Past disposal of high-lime chromite ore processing residue (COPR) from a chemical works in S.E. Glasgow, UK, has led to continuing release of toxic and carcinogenic hexavalent chromium (Cr(VI)) to groundwaters which are highly contaminated with Cr(VI)O42−. Traditional methods of remediating Cr(VI)-contaminated land, e.g. using ferrous sulfate and organic matter, have had limited success in converting Cr(VI) to less harmful and insoluble Cr(III). This paper describes the first application of calcium polysulfide (CaSx) to the remediation of contaminated groundwater and high-lime COPR in a series of laboratory experiments, which have demonstrated the effectiveness of the treatment in quantitatively and rapidly reducing Cr(VI) to Cr(III) over the pH range (8–12.5) typically found at the sites. Cr(III)-organic complexes, present in groundwater at one location, were also effectively precipitated upon treatment with CaSx. The potential for large-scale use of CaSx in the remediation of Cr(VI) from COPR is also discussed.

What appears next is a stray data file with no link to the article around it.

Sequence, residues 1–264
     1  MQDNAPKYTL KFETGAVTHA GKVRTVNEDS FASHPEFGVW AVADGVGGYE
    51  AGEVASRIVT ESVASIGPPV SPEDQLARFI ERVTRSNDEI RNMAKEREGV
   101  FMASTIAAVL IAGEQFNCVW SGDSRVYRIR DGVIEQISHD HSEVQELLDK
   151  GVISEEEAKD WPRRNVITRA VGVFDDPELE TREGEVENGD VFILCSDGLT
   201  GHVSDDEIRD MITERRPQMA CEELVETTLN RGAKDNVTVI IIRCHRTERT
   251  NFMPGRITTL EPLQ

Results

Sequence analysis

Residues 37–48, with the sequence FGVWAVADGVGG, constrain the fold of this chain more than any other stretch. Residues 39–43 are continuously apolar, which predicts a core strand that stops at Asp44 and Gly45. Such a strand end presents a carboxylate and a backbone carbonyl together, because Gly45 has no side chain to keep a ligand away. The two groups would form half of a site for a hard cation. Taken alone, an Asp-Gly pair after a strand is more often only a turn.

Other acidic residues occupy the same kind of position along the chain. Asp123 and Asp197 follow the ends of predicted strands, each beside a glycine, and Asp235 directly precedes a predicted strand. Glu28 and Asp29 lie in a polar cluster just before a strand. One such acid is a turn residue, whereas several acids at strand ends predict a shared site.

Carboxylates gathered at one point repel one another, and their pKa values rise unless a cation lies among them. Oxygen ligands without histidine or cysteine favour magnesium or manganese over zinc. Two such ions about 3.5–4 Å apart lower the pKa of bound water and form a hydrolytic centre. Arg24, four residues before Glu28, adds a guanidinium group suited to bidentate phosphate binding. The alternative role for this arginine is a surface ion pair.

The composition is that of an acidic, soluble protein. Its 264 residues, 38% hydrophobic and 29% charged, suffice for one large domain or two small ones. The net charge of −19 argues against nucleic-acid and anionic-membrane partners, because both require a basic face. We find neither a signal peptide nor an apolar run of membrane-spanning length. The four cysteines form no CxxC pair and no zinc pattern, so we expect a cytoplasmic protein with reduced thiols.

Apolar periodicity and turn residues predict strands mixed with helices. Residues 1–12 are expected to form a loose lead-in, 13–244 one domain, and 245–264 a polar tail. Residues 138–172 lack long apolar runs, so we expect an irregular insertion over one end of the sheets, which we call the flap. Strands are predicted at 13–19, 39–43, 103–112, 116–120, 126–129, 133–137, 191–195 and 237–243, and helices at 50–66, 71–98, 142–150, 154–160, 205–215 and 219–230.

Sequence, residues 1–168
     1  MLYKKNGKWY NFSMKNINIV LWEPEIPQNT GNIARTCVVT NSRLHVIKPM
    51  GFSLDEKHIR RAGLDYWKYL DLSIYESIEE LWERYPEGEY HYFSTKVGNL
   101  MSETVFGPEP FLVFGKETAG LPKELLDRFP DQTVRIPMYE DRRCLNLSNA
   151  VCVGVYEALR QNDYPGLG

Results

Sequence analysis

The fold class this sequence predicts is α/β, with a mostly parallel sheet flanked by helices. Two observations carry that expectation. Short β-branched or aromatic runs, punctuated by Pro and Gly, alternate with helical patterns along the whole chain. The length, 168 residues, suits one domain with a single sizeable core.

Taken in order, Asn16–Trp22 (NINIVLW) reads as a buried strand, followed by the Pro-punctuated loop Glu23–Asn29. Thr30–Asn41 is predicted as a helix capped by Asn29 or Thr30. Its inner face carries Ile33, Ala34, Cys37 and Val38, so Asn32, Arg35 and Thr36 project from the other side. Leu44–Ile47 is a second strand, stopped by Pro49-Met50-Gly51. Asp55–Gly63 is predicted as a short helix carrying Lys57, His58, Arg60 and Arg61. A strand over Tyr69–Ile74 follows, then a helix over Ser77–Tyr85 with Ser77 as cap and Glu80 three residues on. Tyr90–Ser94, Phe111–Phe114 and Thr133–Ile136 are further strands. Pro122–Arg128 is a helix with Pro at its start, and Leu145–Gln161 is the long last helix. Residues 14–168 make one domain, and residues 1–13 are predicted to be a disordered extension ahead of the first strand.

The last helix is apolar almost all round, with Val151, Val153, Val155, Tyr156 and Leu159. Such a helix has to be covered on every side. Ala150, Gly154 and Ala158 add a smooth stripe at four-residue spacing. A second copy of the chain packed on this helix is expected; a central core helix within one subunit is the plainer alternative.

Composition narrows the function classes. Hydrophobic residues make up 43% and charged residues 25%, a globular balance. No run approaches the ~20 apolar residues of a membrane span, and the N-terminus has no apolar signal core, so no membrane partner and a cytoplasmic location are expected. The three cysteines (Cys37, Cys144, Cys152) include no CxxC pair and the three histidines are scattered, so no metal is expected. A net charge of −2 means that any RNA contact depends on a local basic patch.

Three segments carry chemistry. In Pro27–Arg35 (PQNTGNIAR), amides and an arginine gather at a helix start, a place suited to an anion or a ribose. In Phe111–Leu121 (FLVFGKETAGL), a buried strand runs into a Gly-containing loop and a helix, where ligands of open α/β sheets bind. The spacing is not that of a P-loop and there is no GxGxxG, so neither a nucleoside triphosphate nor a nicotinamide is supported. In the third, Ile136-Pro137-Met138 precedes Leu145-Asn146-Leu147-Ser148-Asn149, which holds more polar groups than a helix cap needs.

- Hexavalent chromium
- Calcium polysulfide